DPS Dispatch

Each May, the nation recognizes National Nurses Week culminating on the birthday of Florence Nightingale, recognized as the founder of modern nursing. In North Carolina, Juvenile Justice looks to celebrate the positive impact our nurses provide to the youth they serve -- and to recognize the collaborative work of professionals across our system to support juvenile success.  It seems an appropriate time, as we prepare to celebrate National Nurses week (May 6-12), to highlight an example of the ongoing, daily contributions of Juvenile Justice nurses.

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The Juvenile Justice Section recognized five of its general instructors earlier this month during an awards ceremony held during the Section’s annual General Instructors meeting. Kimberly Quintus, Director of the Juvenile Jurisdiction Reinvestment Act, led the awards ceremony, and Deputy Secretary William Lassiter presented awards to the following individuals during the March 2 event: 2017 Juvenile Justice Instructor of the Year: LaTonya MiddletonCourt Counselor, District 11 (Harnett, Lee, Johnston counties)

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According to the 18th century English poet Alfred Austin, “To nurture a garden is to feed not just the body, but the soul.” With that in mind, Juvenile Justice Health Services has initiated a unique partnership with N.C. State University’s Department of Horticultural Sciences to design and install sensory gardens within the recreation yards on two juvenile facilities in North Carolina.

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Twenty-one high school-aged juveniles at Alexander Juvenile Detention Center recently competed in the center's annual gingerbread house competition. Nutrition Supervisor Beverly Cash coordinated the efforts by baking homemade gingerbread. Each student was given an unassembled gingerbread house, white frosting,assorted candies and 2.5 hours to create their masterpieces. Teacher John Hendrix primed the students' creativity by showing them a video of this year’s National Gingerbread House Competition held annually at the Omni-Grove Park Inn in Asheville.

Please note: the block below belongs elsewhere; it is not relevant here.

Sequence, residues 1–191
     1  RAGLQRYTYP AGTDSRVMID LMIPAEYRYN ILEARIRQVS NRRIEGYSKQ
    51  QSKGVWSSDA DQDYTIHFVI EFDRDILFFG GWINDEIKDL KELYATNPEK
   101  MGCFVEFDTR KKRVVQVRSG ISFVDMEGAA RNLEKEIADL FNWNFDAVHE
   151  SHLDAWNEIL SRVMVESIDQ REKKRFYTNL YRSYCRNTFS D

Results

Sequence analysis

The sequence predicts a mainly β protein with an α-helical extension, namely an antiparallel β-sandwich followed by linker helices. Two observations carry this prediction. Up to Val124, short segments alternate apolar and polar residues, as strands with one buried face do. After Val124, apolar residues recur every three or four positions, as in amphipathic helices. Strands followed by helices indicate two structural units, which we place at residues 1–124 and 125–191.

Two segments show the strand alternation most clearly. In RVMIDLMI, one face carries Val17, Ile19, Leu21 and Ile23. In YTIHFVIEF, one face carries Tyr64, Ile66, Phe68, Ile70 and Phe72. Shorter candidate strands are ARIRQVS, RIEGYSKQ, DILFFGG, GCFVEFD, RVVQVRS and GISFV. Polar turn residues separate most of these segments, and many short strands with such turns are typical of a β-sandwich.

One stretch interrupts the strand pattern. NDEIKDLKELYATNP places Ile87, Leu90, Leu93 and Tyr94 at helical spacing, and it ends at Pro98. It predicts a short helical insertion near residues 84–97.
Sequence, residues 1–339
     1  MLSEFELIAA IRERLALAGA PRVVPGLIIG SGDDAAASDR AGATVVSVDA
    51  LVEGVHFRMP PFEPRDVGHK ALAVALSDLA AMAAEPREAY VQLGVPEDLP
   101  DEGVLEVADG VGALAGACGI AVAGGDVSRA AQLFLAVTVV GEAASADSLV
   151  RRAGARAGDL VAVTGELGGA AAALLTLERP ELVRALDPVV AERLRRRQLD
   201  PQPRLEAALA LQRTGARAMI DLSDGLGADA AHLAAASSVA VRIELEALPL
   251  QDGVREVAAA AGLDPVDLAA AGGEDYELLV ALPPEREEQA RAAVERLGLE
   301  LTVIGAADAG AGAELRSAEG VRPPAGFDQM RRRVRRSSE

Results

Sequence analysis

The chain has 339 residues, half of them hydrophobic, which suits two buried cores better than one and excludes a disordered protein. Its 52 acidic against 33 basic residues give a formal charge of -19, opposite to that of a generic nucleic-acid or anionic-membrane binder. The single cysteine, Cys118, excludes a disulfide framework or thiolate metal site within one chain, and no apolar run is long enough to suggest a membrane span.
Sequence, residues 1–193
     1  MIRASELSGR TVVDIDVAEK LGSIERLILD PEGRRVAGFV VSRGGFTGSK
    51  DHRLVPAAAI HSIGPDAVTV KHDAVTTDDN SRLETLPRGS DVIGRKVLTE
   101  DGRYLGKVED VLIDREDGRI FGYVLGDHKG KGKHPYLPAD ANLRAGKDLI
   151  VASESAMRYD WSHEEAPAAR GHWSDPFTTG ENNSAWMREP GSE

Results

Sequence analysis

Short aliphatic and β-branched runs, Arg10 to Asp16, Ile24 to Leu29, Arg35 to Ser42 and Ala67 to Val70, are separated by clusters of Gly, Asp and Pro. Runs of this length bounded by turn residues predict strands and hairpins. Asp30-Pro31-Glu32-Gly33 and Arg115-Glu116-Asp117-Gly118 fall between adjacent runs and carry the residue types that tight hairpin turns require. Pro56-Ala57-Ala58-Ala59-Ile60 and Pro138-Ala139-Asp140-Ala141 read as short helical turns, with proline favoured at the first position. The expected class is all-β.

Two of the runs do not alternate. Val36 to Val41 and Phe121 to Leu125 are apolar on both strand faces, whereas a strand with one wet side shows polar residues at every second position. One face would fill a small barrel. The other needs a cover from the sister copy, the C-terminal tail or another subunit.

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The students and staff of two juvenile detention centers in North Carolina put their creative muscles to work to construct a sports-themed creation for the 2017 Made by Milk contest. The project encourages students to use their creativity, while learning to recycle by repurposing milk cartons. Instead of just throwing out trash, create something cool with it! Both facilities are past contest participants.

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We wrap up our recognition of Juvenile Justice week this afternoon with a spotlight on our Central Office staff. Central Office is the tie that binds it all together, housing budget, purchasing, IT, human resources, training, policy and management/oversight of Juvenile Justice. A central figure in Central Office is Bonnie Clark, whose working knowledge of administrative processes and procedures – a critical part of day-to-day operations – is second to none.

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It's TGIF -- and we are certainly thankful for the staff of Treatment Services during Juvenile Justice week and beyond. Mental health is a complex and pivotal segment of juvenile healthcare. Juveniles committed to North Carolina's juvenile justice system present with multiple and complex behavioral health needs. Psychological program managers within Juvenile Justice -- such as regional Psychological Program Manager Dr.

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Education Services is charged with fulfilling all state and federal mandates of a traditional school system for youths committed to state juvenile facilities. Janet Dalton, a teacher at Stonewall Jackson Youth Development Center, tries to reach even the most resistant learners by providing games and activities for her students to make the classroom enjoyable while the students learn. An avid math enthusiast, Dalton has volunteered on several occasions to assist other teachers.

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